Analysis: Italy disaster shows Titanic lifeboat issues linger
By Jonathan Saul and Ben Berkowitz
LONDON/BOSTON (Reuters) - The capsizing of the Costa Concordia will pressure the cruise industry to address a safety question that has lingered since the Titanic disaster almost 100 years ago - how to get thousands of people off a giant cruise ship into lifeboats quickly.
Carnival Corp, owner of the Concordia, conceded on Thursday that the accident, which has led to the deaths of at least 11 people with another 24 unaccounted for out of its 4,200 passengers and crew, "has called into question our company's safety and emergency response procedures." A Carnival spokesman could not immediately comment on whether the company's safety review would include the lifeboats.
Veteran mariners say the Concordia wreck - particularly the problems the passengers encountered in launching lifeboats as the ship listed to one side - proves there are problems the industry, try though it might, still has not solved.
"The regulations rely on untrained and frightened passengers being able to deal with life rafts in the absence of trained crew members - including having to board them from the water," said John Dalby, a former oil tanker captain who now runs maritime security firm Marine Risk Management.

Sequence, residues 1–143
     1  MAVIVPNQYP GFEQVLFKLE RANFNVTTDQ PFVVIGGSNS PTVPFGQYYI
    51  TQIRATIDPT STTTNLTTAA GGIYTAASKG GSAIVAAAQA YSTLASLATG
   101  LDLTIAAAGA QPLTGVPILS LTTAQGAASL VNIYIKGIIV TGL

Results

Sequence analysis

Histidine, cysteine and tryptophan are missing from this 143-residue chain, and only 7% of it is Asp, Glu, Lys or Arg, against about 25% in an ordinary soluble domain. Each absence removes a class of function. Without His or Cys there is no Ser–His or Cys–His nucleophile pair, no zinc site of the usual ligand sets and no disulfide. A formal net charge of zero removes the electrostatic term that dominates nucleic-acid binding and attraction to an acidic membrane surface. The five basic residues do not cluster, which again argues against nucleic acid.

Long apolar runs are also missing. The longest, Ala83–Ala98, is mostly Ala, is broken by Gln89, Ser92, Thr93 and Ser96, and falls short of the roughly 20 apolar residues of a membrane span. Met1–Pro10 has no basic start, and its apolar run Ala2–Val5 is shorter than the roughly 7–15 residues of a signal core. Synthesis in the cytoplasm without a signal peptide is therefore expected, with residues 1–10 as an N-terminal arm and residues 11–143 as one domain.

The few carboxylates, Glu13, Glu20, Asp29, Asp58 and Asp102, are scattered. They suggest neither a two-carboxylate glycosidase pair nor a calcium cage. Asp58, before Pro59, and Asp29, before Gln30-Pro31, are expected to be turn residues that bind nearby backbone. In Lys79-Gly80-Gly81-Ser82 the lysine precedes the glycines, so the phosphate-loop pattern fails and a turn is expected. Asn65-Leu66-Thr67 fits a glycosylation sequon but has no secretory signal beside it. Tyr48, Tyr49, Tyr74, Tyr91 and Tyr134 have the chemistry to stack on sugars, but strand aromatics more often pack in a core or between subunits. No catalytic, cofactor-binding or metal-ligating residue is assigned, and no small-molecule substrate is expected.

"The whole point of the Titanic regulations was to avoid what happened with her, and it has now happened again with Costa - that is, the difficulty, if not impossibility, of launching lifeboats from the 'high side,'" Dalby said, referring to the side of the boat tipped into the air.
In the wake of the Titanic disaster, maritime regulations make it mandatory for all ships to have a minimum of 125 percent lifeboat and life raft capacity, comprising 50 percent on each side of the ship plus an additional 25 percent available. According to the International Chamber of Shipping, they are designed to be ready for use within 5 minutes and to be filled as quickly as needed.
But all of that is for naught if the lifeboats cannot get into the water, or if the ship finds itself in distress in adverse conditions - late at night, in a storm or far from land, for example.
That was the lesson the Titanic first taught in 1912, when - besides not having enough lifeboats on board - some lifeboats did not launch properly in the ship's final, harried minutes. Continued...